Flirting with Flavour

Pickin’ up pawpaws, put ’em in your pocket…

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A couple of weeks ago, while at the annual Anniversary Weekend of the mosque where I went to pre-school, I tried pawpaw fruit for the first time.  The mosque has a farm where they grow a number of different fruits and vegetables.  And as I wandering around, I stopped to admire (hungrily, I might add) the apples that had been brought in from the farm.  In a small wicker basket on the edge of the table with the apples, were a fruit that I thought might be some kind of mango or papaya.  Unsure, I asked what they were.  “Pawpaws”, came the reply.

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Pickin up pawpaws, put ‘em in your pocket… A familiar, yet unfamiliar, tune made its way into my head.  Please tell me you also remember this nursery rhyme from your childhood?!

Upon asking a few more questions (and a couple google searches), I found out that pawpaw trees are native to the north east of the United States and are absolutely not related to papaya, which occasionally are given the nickname pawpaw.  They do, however, taste very tropical, a bit like a banana crossed with a mango and a hint of something that would make it the perfect accompaniment to a Piña Colada, and have the texture of papaya.  Their seeds are shaped like the stretched out pennies you can get as a souvenir at the zoo and there are lots of them, which make them a bit messy to eat.

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I had my first few bites of pawpaw and we threw ideas back and forth about what could be done with them, aside from eating them fresh – smoothies, curry, chilli, tea loaf, muffins, cookies, custard, were a few of the ones we came up with.  I did really like them fresh, but always one to leap at the chance to try new ingredients and recipes, I accepted the challenge to take 6 medium sized pawpaws and make something, anything, with them.  With my roadtrip to Maine coming up, I opted to make muffins, figuring they’d make a good snack for during the long ride.  The recipe I came up with, which is included below, is inspired by the pawpaw’s similarities to banana and the fall weather.  In order to get the puree, I washed, peeled, and de-seeded the pawpaws and then put the meat through a food processor for just 1-2 minutes, until I had a mashed-banana-like consistency.  The resulting muffin is really the perfect representation of autumnal spices.  For that reason, it would be a good accompaniment to a Thanksgiving brunch.  I’ve never tasted anything quite like it, but then again, until a few weeks ago neither had I ever tasted fresh pawpaw!  And, of course, these could be made using banana, mashed sweet potato, squash, or pumpkin, or anything you feel goes well with cinnamon, nutmeg, allspice, and ginger!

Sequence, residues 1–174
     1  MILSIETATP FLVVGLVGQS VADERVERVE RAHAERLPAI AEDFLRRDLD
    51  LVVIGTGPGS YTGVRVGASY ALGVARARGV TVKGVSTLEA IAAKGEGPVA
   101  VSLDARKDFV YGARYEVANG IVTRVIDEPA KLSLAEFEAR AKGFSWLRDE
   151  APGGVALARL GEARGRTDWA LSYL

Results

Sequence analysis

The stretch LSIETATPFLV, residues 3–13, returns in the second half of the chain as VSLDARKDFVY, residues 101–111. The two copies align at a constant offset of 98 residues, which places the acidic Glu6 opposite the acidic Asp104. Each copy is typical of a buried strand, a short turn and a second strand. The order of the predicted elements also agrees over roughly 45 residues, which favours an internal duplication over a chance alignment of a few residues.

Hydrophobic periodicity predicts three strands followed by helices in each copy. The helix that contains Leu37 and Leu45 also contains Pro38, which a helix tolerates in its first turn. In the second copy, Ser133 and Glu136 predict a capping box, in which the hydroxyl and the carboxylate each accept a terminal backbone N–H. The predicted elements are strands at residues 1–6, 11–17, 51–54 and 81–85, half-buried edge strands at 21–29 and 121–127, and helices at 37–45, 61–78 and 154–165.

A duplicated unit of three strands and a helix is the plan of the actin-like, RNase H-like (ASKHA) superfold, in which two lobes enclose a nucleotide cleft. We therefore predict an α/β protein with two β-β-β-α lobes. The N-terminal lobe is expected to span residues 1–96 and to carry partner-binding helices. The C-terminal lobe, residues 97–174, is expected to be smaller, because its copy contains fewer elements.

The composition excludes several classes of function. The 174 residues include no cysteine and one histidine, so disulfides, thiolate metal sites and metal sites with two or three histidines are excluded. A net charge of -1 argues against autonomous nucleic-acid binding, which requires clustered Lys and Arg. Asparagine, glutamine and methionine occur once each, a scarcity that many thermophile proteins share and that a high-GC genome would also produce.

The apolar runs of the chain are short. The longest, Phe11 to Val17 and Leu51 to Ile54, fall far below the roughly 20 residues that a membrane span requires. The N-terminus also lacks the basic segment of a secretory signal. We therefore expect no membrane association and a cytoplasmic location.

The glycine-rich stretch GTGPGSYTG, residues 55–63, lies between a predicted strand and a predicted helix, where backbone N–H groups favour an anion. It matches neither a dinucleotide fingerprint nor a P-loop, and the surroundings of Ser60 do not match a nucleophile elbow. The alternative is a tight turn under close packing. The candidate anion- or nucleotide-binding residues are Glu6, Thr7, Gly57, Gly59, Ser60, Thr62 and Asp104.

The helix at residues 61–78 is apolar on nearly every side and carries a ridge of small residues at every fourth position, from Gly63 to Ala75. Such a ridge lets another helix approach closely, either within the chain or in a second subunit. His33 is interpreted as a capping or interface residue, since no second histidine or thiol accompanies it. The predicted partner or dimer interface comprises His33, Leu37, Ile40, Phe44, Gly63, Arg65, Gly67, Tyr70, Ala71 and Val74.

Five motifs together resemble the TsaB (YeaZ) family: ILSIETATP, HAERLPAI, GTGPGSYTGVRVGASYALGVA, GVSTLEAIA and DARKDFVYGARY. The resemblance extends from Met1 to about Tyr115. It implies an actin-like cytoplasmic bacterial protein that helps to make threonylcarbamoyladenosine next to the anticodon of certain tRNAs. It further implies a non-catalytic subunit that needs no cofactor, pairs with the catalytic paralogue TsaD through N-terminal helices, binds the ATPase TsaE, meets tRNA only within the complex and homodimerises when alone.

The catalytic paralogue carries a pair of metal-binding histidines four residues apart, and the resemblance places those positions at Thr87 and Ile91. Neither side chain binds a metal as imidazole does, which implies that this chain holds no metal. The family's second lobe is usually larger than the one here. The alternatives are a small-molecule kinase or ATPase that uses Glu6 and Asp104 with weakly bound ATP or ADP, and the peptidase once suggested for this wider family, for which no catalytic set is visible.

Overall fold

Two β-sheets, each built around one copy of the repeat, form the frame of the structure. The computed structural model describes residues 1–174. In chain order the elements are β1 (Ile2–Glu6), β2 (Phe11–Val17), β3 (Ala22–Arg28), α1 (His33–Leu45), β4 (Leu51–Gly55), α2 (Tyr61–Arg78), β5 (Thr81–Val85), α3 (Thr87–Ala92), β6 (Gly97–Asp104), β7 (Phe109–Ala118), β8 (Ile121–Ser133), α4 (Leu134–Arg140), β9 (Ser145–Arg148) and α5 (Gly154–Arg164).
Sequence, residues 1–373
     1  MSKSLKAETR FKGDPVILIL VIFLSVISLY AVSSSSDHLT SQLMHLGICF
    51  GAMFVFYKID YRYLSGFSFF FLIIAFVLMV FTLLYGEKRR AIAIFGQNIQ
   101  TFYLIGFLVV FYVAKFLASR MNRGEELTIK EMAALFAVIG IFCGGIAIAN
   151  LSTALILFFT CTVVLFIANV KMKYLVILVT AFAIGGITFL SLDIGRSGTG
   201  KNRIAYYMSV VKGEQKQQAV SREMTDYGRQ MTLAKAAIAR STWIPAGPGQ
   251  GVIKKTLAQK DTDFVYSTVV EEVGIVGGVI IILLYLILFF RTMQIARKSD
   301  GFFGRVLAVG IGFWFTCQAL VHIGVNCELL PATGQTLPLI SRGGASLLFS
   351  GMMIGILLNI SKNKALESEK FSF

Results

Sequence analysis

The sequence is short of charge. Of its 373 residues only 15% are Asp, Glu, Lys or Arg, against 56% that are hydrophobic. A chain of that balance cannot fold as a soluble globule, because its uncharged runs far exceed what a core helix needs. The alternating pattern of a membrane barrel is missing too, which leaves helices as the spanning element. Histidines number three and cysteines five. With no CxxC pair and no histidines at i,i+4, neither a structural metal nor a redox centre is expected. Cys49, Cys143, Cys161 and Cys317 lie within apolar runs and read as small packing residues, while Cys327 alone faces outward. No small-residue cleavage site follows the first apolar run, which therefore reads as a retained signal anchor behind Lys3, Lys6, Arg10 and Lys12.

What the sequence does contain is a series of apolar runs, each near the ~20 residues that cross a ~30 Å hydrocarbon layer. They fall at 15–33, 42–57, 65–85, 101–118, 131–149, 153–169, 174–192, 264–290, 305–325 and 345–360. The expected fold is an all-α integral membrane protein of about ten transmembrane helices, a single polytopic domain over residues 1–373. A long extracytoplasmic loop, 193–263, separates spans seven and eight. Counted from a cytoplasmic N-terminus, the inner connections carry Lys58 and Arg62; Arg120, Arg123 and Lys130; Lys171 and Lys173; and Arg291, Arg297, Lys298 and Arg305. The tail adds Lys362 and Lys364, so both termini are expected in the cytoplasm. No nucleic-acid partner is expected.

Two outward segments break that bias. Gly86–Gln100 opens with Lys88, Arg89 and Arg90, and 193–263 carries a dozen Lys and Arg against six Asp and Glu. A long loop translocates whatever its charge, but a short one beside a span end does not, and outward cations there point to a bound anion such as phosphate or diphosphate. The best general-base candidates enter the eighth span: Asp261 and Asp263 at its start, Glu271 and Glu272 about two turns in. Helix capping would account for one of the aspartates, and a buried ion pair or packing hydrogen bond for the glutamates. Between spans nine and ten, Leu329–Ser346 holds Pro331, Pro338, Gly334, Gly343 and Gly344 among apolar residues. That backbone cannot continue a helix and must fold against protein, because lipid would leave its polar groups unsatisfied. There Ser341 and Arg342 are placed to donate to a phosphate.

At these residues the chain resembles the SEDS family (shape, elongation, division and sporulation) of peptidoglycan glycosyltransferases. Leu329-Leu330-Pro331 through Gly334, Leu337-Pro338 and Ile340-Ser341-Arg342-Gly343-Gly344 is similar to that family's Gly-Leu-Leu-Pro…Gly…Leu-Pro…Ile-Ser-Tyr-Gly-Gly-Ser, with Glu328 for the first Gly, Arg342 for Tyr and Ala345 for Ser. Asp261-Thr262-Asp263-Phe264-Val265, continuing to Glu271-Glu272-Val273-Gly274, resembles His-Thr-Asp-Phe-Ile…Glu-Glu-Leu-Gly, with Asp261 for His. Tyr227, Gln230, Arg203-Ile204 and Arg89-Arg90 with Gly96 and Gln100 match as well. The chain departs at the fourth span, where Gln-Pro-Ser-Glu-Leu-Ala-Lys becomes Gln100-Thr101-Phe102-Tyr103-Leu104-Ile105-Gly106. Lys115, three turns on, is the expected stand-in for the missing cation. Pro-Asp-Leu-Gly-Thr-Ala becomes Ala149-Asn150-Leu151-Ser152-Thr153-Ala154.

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Pawpaw Muffins
Yield: 22 muffins

Ingredients
Dry

2 ¾ cup flour (I used a mixture of spelt & white rye)
1 7/8 tsp cream of tartar
¾ tsp salt
1 1/8 tsp baking soda
1 tsp cinnamon (I use a Vietnamese cinnamon that I got through the King Arthur Flour website – I have never had such a fragrant cinnamon, even when I grate it myself)
½ tsp nutmeg
¼ tsp each of allspice and ground ginger
Zest of 1 lemon

1/2 cup unsweetened desiccated coconut
1/3 cup mixed chocolate & cinnamon chips

Walnuts, roughly chopped (to sprinkle on top)

Wet

¼ cup vegetable oil
6 medium ripe pawpaws, pureed
5/8 cup granulated sugar
½ cup light brown sugar, packed
Juice from ½ lemon
3 eggs

Method

  1. Preheat oven to 375F (190C or 350F convection).  Line muffin cups.
  2. In a medium bowl mix together flour, cream of tartar, salt, baking soda, spices, and lemon zest
  3. In the bowl of a mixer (or use a hand mixer), whisk oil, pawpaw puree, and sugar on medium speed until well mixed and fluffy. Add lemon juice and the eggs one at a time. Combine.
  4. Slowly add dry ingredients to wet ingredients. Mix until just combined, making sure to scrape down the sides of the bowl. Remove bowl form mixer and fold in coconut and chocolate/cinnamon chips.
  5. Divide batter evenly into muffin cups. Sprinkle with chopped walnuts
  6. Bake for 20-25 minutes. (Mine cooked in 23 minutes in a convection oven at 350F.)
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Author: meghansk

Traveling by taste buds in the kitchen and around the world.

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